“I’m wonderful,” said Philippe, and taking Yvonne’s hand in his, kissed it delicately. “Yours,” he said, raising the paper cup stacked against another in his hand. Yvonne looked. “It’s quite hot, still green tea I presumed, or no?”

“Yes!” said Yvonne, hurrying now to take the tea from him, “how did you . . .”

“I saw you outside, just before while I was at the counter. Will you sit with me?” He indicated a bench against the glass shopfront.

“I don’t believe it,” said Yvonne as she sat, her eyes on Philippe, “how did you see me?” She looked outside at the drift of hurrying human bodies, men and women passing, talking, a real medley, she thought, then blushed at the idea that she should be noticed so readily.

“How could I miss you, you look radiant, thoughtful as ever, like your father,” said Philipe. He took her hand again on the way down. His grey hair was perfectly smooth and parted. His white teeth gleamed as he smiled.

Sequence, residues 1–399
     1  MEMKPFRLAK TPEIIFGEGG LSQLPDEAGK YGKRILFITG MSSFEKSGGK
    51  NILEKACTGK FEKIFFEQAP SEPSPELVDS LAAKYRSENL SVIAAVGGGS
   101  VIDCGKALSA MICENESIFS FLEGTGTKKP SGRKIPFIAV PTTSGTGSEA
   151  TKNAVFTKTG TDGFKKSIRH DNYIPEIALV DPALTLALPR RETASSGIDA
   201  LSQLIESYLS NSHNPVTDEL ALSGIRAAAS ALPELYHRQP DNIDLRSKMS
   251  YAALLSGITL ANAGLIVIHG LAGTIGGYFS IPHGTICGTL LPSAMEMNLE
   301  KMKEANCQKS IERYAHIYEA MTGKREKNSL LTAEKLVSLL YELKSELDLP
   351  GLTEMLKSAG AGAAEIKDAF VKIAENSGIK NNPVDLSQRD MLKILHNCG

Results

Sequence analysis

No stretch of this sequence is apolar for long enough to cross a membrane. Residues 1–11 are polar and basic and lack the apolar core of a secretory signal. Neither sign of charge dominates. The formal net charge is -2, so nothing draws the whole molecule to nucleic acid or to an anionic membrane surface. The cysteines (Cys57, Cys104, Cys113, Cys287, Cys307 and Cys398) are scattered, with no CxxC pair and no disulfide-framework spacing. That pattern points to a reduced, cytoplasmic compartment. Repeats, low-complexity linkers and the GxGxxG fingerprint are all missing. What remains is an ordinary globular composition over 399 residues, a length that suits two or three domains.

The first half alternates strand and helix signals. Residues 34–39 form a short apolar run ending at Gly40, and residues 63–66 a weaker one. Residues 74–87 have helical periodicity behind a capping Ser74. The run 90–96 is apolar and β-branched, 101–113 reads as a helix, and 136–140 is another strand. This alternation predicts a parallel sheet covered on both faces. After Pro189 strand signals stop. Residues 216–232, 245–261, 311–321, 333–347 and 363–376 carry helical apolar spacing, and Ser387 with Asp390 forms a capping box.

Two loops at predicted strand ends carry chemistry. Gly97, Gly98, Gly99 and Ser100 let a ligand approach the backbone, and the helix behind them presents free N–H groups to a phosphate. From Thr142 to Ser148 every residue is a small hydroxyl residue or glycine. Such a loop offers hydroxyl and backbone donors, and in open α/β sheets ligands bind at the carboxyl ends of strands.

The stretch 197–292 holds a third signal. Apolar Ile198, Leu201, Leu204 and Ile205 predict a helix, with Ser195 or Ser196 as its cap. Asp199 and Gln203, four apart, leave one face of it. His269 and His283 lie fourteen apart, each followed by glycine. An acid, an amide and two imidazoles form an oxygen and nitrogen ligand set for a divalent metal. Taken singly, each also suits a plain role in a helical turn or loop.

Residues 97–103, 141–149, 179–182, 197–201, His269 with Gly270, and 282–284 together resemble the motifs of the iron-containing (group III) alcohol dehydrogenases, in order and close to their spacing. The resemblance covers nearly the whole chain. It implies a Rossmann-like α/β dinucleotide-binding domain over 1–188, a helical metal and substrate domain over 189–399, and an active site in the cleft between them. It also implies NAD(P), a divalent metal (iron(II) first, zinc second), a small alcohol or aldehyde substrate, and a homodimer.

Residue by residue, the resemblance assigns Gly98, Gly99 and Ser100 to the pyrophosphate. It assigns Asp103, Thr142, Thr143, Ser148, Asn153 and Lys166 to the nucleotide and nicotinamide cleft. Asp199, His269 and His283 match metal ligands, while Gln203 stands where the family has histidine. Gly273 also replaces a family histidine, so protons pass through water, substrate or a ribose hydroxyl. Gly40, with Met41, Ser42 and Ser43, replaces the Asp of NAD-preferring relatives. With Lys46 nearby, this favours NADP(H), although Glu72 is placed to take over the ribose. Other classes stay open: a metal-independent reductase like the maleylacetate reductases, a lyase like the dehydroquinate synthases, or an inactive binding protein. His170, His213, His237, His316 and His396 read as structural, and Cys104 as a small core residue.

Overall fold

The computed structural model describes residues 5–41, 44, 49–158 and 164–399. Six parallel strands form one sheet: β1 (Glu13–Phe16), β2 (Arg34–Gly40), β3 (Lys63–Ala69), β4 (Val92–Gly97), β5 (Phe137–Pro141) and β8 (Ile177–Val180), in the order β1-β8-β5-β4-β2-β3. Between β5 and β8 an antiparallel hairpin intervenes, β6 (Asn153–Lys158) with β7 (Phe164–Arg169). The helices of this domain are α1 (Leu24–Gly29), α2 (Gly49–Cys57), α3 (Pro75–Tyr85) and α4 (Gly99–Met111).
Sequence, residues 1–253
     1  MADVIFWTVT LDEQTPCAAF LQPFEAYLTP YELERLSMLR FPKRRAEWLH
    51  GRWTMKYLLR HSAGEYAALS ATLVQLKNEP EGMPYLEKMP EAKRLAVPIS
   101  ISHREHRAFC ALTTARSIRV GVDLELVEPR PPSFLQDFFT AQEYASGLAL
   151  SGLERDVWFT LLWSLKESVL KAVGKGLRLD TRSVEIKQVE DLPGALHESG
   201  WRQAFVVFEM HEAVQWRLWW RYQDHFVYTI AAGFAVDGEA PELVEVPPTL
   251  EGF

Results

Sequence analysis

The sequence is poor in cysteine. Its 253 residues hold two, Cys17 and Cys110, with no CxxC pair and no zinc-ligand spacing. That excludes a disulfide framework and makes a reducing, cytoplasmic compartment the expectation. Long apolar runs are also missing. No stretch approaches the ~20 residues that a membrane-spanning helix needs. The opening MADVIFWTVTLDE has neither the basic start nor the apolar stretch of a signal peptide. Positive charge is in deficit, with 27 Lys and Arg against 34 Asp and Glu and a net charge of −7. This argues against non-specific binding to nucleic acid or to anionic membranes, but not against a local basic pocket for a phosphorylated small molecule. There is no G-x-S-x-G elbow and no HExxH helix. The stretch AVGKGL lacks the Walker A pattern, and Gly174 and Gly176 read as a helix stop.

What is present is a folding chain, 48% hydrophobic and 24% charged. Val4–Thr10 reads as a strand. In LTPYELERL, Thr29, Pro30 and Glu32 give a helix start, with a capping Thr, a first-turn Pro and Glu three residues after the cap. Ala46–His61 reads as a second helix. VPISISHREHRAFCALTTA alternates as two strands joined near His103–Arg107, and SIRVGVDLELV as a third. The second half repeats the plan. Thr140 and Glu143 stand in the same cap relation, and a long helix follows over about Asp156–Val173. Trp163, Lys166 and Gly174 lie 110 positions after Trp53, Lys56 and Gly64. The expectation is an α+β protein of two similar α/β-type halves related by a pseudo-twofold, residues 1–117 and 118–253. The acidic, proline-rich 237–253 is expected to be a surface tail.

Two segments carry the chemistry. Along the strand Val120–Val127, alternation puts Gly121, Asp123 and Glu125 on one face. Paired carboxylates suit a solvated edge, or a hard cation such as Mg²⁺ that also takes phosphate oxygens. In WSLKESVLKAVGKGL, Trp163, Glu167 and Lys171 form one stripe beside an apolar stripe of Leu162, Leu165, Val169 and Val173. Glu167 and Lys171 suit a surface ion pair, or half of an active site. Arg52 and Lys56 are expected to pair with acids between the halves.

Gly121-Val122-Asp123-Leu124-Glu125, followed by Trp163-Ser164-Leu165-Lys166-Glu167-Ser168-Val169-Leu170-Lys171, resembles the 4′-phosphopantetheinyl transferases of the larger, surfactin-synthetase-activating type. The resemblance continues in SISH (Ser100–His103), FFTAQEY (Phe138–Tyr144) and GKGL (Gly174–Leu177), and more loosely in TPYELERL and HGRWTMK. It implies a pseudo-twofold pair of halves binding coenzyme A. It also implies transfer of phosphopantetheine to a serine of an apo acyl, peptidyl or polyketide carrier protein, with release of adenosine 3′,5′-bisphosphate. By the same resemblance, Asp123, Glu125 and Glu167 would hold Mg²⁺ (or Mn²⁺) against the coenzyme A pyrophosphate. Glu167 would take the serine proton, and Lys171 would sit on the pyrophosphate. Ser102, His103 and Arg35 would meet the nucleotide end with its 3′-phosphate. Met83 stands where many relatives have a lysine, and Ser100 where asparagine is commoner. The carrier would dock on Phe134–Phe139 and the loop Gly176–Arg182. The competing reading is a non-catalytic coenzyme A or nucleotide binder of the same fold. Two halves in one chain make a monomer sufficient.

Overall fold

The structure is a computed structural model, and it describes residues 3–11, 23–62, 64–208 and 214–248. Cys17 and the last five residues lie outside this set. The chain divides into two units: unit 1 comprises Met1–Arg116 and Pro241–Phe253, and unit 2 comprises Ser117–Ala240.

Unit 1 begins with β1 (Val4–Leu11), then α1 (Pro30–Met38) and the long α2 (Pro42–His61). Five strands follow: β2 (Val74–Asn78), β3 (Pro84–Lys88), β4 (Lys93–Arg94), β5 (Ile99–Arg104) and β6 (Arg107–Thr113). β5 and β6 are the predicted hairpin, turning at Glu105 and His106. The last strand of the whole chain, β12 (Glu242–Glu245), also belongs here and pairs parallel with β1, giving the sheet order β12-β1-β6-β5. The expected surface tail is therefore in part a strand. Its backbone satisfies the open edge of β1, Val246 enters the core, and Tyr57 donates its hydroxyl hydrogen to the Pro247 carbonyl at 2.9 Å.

“I can’t stay long,” said Yvonne, “I only came to get a coffee for someone.”

“And nothing for yourself? You’re that strapped?”

Yvonne smiled again coyly. “Well this whole court trial thing . . .” she said, draining the condensation of her tea’s plastic lid into her cup.

“Yes I’ve heard. It must be very hard on your mother, it’s good of you to take care of her the way you do.”

“Yes. In fact the coffee was for Monica, our attorney.”

“They don’t have service at the hotel?”

Yvonne stopped blowing on her tea. “Which hotel?”

“The one you’re staying at, of course.”

“I just thought she’d appreciate it. In fact I don’t know. I wanted to get something specific from her but I changed my mind and felt like some air. Such a wonderful city, I’d forgotten.”

“It is,” said Philipe, and adjusted his glasses as he looked out at the harbour. “What is it you want from her?”

“A photograph. One that I remembered seeing a while ago.”

“Ah,” said Philippe. “Of Alistair. What was it like, from what you remember?”